Local officials could take a lesson from a twist on this old business adage: You can’t manage what you don’t measure.

The Rock County criminal justice system is beginning to look at data showing how it treats black people and other minorities differently from white people, but knowing there’s a difference isn’t enough. Officials need to expedite efforts to understand why it’s happening and what changes are needed.

That will require better data analysis.

The Rock County Criminal Justice Coordinating Council recently looked at new data showing black people here are more frequently arrested for disorderly conduct, which is considered a bellwether offense because officers have more discretion about whether to arrest for disorderly conduct than for other offenses.

Staff at The Gazette this week analyzed data provided by the Janesville Police Department, which revealed that black kids in Janesville schools were cited, referred to juvenile authorities or arrested at a rate more than seven times that of other kids. Police and school officials admitted they hadn’t looked at the data in that way before.

Why so many more black arrests?

Community member Harriet Everette raised the issue at a recent meeting of the Rock County Criminal Justice Coordinating Council. She wanted to see data on charges filed by the district attorney’s office and decisions by judges broken down by variables such as race, gender or type of offense.

She was told county government lacks the systems for such analysis.

“Unfortunately, we’re the government,” District Attorney David O’Leary told her. “So we don’t have the data analysts or the data systems that the private sector does.”

Sorry, but we’re not buying it.

The county has options. It could, for example, contract with one of several companies Wisconsin has sprouted to analyze state court data for attorneys. The companies download in bulk the same data the public can access in a limited way through the Wisconsin Circuit Court Access program, commonly known as CCAP. The court data contains much of what would be necessary to find the kind of answers Harriet Everette and others want to see about the role race plays in our local criminal justice system.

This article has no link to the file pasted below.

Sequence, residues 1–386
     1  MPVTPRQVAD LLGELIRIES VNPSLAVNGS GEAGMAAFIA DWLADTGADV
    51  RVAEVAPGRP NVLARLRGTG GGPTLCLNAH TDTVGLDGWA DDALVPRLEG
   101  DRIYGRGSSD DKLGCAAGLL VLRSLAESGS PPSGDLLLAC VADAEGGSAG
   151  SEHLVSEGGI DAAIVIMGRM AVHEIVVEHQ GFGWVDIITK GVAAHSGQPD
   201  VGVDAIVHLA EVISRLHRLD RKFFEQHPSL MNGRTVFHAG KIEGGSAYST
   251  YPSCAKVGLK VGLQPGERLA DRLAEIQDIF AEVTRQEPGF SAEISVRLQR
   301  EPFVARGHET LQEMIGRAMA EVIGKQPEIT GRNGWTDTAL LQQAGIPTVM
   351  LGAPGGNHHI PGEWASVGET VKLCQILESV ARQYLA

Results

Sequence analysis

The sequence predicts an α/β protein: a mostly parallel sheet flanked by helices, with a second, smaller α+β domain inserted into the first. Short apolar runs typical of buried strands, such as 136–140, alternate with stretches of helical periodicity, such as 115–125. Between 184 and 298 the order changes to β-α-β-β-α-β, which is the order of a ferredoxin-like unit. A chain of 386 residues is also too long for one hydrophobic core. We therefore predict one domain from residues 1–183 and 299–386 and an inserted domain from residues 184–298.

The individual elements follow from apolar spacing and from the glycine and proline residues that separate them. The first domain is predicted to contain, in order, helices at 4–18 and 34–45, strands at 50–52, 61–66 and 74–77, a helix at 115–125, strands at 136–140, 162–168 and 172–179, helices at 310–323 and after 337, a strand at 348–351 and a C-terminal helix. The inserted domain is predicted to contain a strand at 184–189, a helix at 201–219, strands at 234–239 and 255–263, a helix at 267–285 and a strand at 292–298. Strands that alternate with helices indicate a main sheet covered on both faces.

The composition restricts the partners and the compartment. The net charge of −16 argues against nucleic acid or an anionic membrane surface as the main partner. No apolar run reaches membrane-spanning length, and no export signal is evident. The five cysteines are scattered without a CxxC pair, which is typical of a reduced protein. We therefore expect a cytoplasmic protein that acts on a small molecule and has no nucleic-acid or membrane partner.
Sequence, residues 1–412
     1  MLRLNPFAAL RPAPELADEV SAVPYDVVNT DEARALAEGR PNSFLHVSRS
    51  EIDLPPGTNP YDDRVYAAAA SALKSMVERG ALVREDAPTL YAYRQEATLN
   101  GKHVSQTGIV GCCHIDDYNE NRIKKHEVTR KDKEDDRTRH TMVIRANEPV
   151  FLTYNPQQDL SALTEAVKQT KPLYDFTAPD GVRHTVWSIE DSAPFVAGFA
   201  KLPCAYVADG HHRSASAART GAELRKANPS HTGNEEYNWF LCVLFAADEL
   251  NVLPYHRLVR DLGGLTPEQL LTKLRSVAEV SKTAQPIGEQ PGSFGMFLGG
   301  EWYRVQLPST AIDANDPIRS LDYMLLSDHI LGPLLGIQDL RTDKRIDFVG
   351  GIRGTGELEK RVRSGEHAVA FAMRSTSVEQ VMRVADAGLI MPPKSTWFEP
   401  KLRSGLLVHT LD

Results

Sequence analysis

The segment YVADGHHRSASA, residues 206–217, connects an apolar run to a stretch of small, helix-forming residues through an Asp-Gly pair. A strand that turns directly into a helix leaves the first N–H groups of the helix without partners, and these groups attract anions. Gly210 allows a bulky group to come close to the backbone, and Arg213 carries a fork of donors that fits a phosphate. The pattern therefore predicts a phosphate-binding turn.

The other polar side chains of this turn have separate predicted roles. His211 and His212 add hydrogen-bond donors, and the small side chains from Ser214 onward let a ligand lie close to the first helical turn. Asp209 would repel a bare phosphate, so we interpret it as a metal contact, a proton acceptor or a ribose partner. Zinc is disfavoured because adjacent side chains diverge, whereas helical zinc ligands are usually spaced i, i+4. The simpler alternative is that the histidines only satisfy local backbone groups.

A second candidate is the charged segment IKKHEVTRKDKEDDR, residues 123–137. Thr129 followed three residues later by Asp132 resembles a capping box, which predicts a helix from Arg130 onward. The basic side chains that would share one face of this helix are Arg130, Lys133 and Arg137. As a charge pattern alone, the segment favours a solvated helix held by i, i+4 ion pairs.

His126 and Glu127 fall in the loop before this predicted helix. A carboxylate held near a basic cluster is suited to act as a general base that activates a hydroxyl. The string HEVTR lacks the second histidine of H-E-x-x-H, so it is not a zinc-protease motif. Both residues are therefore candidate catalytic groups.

Janesville police and school officials said it’s not clear to them why black kids at schools are the subject of police actions so much more frequently than other kids.

“Schools are a reflection of the communities in which they reside, and so the problems that exist in any given community, whatever those may be, including racism, invariably end up manifesting themselves at school,” Janesville School District Superintendent Steve Pophal said.

Janesville Deputy Chief John Olsen said it’s difficult to draw conclusions about the numbers without looking at the details of each incident and knowing the history and background that led to each moment.

We don’t disagree with either statement, but it’s time to stop head-scratching and start finding answers because what’s happening is having long-lasting impacts on individuals.

Lonnie Brigham, who has worked with a citizens committee advising Janesville police on relations with black people, called the school data “scary.”

“To me, that’s just a sad commentary on the school-to-prison pipeline,” he told The Gazette. “Because once these kids get a record, they are marked for life.”

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